As bull riding hits the big time, pro riders fight through pain for big payouts (2023)

Silvano Alves has been in the bucking chute longer than usual. The bull is twisting against the bars of its enclosure, making a stable starting position all but impossible. Sitting atop the ornery animal, the three-time world champ is running out of seconds before he receives an automatic no-score for failing to leave the gate. Refusing a loss by default, he gives the nod for the chute to open. A latch pops, and Percolator, all 2,000lb of him, slings them both into Madison Square Garden’s 18,200-seat arena.

Looking more like a dust storm than a bucking bull, Percolator kicks high and hard to the left. Off balance and unable to counter him, the Brazilian’s body swings wide.

The 28-year-old pitches to the ground, landing square on the base of his skull, his body in the fetal position. Still bucking, Percolator’s left hoof comes down hard on Alves’ helmet, peeling it free from his head. The colossal hoots of the spectators melt into a windy intake of breath. The bull lowers his horns and butts the rider’s still torso once, then again, before freight-training over him.

For a long moment, Alves lies face down in the dirt. The colosseum is quiet.

But that was yesterday. It’s now Saturday night, day two of three at the Professional Bull Riders (PBR) Built Ford Tough Series at Madison Square Garden, and Alves says he’s feeling fine. There’s a purple bruise below his right temple, about the size of a toddler’s handprint.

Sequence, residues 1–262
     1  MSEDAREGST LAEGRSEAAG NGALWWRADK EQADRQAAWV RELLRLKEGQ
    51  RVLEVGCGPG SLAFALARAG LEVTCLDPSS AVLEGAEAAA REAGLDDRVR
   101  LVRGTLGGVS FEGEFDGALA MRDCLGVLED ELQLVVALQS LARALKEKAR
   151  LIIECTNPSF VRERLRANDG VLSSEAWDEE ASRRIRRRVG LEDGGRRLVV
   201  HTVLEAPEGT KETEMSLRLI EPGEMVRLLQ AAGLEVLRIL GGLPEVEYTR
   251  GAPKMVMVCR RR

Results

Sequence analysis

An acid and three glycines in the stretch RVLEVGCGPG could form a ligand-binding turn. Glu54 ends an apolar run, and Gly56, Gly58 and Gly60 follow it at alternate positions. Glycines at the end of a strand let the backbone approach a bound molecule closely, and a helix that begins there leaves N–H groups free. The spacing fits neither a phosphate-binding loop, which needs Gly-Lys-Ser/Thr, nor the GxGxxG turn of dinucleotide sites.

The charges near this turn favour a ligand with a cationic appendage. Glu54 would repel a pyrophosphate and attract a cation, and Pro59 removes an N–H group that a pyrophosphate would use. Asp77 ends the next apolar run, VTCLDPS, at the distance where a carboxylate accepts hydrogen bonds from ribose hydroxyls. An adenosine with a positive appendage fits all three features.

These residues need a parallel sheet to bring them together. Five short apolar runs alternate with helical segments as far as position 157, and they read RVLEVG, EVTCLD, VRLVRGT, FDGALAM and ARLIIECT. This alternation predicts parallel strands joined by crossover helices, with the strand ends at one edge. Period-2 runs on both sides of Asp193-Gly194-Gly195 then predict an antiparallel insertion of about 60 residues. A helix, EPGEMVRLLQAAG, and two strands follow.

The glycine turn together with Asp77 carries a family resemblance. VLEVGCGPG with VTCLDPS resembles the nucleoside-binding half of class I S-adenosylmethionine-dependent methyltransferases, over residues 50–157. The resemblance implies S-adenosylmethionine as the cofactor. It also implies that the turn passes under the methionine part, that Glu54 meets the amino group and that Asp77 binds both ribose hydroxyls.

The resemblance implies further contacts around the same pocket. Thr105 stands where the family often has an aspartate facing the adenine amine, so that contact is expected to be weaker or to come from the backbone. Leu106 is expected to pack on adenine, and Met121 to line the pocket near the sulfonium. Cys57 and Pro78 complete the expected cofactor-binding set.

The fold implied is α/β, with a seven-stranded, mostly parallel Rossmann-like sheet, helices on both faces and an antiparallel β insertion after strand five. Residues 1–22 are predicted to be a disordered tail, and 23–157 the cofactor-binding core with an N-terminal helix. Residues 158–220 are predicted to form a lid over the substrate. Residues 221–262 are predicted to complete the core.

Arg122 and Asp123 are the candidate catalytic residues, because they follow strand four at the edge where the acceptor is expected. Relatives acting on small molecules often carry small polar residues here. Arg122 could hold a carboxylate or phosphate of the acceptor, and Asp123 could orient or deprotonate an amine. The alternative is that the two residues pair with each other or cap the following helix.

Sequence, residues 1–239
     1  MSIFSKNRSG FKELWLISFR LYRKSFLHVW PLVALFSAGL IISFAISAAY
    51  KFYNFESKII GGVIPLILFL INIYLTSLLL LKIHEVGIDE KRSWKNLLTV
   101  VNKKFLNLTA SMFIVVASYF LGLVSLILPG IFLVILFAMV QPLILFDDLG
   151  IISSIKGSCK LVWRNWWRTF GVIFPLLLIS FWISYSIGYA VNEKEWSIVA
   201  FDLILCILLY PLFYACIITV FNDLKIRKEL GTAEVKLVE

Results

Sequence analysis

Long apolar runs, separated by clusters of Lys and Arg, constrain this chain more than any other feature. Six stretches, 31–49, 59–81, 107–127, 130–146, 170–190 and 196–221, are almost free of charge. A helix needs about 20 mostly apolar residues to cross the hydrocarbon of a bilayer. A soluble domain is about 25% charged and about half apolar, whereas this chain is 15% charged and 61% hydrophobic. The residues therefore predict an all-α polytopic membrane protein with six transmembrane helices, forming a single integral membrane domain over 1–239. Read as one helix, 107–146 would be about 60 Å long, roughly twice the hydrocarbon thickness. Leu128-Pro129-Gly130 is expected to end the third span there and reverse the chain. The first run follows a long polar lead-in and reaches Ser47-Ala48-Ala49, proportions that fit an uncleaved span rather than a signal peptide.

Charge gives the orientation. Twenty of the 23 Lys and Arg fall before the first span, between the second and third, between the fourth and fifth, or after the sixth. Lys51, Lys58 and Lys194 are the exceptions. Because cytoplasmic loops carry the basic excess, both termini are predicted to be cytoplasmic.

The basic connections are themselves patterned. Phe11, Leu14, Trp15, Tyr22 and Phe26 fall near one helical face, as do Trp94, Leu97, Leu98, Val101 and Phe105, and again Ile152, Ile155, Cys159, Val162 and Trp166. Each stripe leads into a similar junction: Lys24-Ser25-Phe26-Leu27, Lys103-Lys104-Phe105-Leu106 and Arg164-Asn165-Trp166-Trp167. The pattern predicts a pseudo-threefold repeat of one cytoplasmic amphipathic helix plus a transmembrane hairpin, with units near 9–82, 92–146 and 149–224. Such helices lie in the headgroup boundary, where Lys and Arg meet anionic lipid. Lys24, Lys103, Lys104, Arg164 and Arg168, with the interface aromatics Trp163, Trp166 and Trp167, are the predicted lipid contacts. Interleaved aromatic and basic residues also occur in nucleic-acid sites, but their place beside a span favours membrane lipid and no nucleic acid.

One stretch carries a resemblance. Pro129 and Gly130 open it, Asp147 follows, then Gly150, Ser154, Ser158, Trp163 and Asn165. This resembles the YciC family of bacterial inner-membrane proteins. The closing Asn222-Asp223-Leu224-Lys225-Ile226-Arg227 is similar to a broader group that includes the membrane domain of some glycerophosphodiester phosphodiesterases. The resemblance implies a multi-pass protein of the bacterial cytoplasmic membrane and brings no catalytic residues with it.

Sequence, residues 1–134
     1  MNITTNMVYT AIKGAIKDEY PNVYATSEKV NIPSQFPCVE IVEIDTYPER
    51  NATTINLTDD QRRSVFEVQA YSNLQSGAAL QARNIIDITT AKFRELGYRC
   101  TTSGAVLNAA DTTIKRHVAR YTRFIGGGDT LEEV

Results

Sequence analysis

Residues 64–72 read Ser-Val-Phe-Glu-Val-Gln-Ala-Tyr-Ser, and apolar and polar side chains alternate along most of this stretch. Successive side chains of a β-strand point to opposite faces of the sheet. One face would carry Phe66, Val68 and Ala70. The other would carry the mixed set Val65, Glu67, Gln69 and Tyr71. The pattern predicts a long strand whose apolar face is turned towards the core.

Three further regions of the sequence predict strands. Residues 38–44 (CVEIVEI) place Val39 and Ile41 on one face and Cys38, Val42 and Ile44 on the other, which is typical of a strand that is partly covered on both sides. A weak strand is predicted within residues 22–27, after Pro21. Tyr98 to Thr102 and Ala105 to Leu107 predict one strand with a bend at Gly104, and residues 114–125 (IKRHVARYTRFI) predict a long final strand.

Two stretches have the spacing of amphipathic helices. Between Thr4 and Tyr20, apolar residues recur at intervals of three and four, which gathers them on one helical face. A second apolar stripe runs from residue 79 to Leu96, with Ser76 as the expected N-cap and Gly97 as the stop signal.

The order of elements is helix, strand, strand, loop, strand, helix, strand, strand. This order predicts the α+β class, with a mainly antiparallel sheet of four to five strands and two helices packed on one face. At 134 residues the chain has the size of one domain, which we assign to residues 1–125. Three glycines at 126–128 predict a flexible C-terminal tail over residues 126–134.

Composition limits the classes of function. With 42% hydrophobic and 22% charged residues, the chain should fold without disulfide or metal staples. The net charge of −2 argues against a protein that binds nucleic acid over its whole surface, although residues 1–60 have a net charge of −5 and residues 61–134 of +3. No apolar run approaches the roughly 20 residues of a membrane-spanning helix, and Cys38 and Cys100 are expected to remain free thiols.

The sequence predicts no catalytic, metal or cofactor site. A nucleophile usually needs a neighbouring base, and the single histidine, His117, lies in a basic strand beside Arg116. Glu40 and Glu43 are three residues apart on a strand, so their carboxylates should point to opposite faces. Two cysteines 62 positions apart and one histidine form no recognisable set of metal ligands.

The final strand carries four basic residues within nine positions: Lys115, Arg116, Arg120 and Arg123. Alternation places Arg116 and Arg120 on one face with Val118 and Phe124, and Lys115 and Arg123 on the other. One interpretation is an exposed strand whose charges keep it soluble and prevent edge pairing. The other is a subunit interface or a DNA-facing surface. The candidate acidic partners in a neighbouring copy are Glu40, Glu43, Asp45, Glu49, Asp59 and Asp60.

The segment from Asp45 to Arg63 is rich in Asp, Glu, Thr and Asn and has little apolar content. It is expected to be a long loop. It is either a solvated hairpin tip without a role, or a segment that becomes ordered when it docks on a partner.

“It was a really bad day. The bull hit my head, and my head aches, and I am asleep in the arena a little bit,” says the Brazilian. “But tonight I am waiting, and the doctor check me before event, and he say, it’s all right, you pass the test, you can ride. It’s OK.”

The PBR medical staff says he’s free of symptoms from the previous night’s knockout. He’s cleared to ride.

For Alves and the 35 other international pros competing tonight, it’s a breakout year for bull riding. The 10-month season is hyped like never before. In the middle, on a podium four feet off the ground, the reigning PBR world champion JB Mauney appears in a spotlight. He looks 10 feet tall and bulletproof. The 29-year-old lifts the crown of his black stetson, and gestures slowly from one side of the stadium to the other. Fireworks boom. The crowd is incandescent.

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It hasn’t always been this way. Talent and entertainment behemoth WME/IMG bought PBR for a reported $100m in April, a few months before purchasing the Miss Universe Organization from Donald Trump. For the agency that represents Novak Djokovic and Dwayne “The Rock” Johnson, this is just the beginning of a bid to turn bull riding into a household sport.

As bull riding hits the big time, pro riders fight through pain for big payouts (1)

PBR is setting itself up to go mainstream, with riders getting prepped to model fashion lines and move merchandise. In an effort to lengthen the stats on a savagely simple sport, WME/IMG hopes to install sensors on bull and rider later this year, to judge turning speed and stomping impact.